Representatives for NFL, players to present oral arguments at appeals hearing Friday

After three days of secret labor negotiations, the NFL and its players square off in a St. Louis courtroom Friday when the 8th Circuit Court of Appeals will consider whether to let the lockout stand.

Both sides will present oral arguments, though the three-judge panel is unlikely to render a decision for at least two weeks. In a preliminary decision May 17, however, those judges indicated they are leaning toward allowing the owners to keep the lockout in place.

“If the players can’t get rid of the lockout, which is what this litigation is all about, then time is working against them and there will be pressure for them to back down,” said labor expert William B. Gould IV, a Stanford law professor.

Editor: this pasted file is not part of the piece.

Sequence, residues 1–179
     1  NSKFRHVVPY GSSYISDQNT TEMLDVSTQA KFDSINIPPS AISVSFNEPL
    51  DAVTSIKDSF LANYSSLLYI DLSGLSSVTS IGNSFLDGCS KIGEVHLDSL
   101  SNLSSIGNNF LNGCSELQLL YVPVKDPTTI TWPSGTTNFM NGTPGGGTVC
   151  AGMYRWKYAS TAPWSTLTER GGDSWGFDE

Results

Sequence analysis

“The owners don’t have to have the games now, but the players do.”


Owners and players are fighting over how to divide the NFL’s annual $9 billion in revenues. That has led to the league’s first labor interruption since the 1987 strike.

In a Chicago suburb this week, representatives from both sides — including NFL Commissioner Roger Goodell and former union head DeMaurice Smith — met before a mediator, U.S. Magistrate Judge Arthur Boylan, to resume negotiations. Both sides said they would honor a court-ordered confidentiality agreement on the talks.

Without further explanation, Boylan on Thursday canceled mediation sessions that were scheduled for Tuesday and Wednesday of next week in Minneapolis.